Head of Bioinformatics Core Facility
Prof. Dr. Alexander Dilthey and the CECAD Bioinformatics Core Facility team support the bioinformatics analysis needs of the CECAD community with state-of-the-art analysis algorithms and genomic data science.
In addition, Prof. Dilthey also leads the research group Genome Informatics, with a focus on bioinformatics methods development and population-scale genomic analyses.
Our research: The Genome Informatics Group is working on translating advances in DNA sequencing technology into biological insight and novel diagnostic approaches. To achieve this we're using computational genomics and genome informatics; we develop new approaches for the analysis of sequencing data and apply these to large datasets (sometimes comprising tens or hundreds of thousands of individuals). In close collaboration with our colleagues, we're working on novel approaches that leverage the power scalable DNA sequencing technologies and algorithms for the rapid and comprehensive interrogation of clinical samples. Current research projects include the genetic characterization and genomic epidemiology of novel coronavirus SARS-CoV-2; de novo assembly and population reference graphs; high-throughput immunogenetics in some of the world's largest human genome cohorts.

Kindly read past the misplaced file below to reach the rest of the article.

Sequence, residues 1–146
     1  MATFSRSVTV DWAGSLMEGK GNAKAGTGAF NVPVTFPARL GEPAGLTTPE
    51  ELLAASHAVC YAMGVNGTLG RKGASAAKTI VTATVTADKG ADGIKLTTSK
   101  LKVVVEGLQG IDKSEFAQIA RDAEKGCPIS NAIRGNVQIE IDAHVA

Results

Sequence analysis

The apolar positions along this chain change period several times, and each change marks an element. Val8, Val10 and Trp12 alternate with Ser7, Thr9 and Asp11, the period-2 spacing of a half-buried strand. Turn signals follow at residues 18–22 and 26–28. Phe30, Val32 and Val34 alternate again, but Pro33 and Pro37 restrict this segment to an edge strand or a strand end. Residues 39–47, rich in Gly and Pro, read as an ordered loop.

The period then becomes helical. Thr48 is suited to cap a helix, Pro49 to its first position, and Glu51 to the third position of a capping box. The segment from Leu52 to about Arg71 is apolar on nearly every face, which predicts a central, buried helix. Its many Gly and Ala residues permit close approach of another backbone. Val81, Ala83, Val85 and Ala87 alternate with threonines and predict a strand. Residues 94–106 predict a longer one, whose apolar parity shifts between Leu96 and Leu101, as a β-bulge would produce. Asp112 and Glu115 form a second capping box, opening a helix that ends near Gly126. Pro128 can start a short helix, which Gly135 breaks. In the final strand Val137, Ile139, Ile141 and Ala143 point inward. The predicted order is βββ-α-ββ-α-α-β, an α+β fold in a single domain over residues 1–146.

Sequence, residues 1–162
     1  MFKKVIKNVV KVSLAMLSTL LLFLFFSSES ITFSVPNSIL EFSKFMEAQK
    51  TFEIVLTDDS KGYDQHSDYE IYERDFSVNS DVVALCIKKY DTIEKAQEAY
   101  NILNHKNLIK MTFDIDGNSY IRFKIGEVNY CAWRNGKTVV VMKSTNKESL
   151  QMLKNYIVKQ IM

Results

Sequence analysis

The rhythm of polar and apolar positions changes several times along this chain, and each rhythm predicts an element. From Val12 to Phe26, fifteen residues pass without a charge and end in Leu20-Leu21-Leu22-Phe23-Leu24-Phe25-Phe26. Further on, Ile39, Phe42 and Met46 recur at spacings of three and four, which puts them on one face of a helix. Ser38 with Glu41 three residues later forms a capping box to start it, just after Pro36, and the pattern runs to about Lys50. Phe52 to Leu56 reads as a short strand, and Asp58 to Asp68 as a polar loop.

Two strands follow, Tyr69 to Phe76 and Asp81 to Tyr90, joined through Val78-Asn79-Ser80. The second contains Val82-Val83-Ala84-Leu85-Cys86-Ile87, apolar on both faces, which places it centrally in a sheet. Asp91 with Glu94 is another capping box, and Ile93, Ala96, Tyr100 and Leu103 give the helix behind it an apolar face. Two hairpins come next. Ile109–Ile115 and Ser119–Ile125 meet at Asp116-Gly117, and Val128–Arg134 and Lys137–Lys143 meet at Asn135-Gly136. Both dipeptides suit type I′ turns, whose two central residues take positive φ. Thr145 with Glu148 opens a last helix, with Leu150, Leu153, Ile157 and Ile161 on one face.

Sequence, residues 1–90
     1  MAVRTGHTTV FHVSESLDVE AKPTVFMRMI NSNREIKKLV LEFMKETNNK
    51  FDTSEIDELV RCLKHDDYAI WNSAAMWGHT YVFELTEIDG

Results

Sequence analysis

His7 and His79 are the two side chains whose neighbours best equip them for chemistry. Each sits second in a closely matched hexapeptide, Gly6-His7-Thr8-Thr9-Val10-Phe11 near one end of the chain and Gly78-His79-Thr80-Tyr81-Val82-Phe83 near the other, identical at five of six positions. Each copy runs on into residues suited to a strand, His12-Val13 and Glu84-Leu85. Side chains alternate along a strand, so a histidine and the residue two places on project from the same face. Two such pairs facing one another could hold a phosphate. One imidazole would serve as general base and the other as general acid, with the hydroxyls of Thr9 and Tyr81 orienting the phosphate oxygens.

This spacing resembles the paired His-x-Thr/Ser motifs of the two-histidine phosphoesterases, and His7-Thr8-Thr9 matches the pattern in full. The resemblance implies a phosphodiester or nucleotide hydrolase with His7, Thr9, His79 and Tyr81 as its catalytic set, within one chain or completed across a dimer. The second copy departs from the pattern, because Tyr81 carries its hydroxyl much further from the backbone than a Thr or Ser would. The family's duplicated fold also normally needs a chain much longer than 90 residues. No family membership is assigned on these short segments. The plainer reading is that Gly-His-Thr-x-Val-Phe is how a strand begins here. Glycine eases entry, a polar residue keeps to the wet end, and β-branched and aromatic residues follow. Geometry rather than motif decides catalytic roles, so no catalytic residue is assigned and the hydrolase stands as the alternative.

Our methods/techniques: Our research combines methods from the fields of statistical genetics, methods for sequence analysis (including alignment and sketch-based algorithms), and genomic data science.
Figure 1: Minimum spanning tree and genomic neighbourhood analysis of 44 unambiguously resolved SARS-CoV-2 sequences from North-Rhine Westphalia, including 8 isolates from the Heinsberg district. Dashed and solid edges without adjacent numbers indicate distances of 0 and 1, respectively; all other distances are shown explicitly. Genomic neighbourhood analysis based on GISAID data. Source: Walker et al. .
Figure 2: Sequence homology between HLA-A, -B and–C. Graphs visualizing sequence homology between HLA-A, -B and -C across exons 2 (left) and 3 (right), based on an IMGT/HLA-provided multiple sequence alignment (MSA) of 3284 -A, 4077 -B, 2799 -C alleles. Source: Dilthey et al.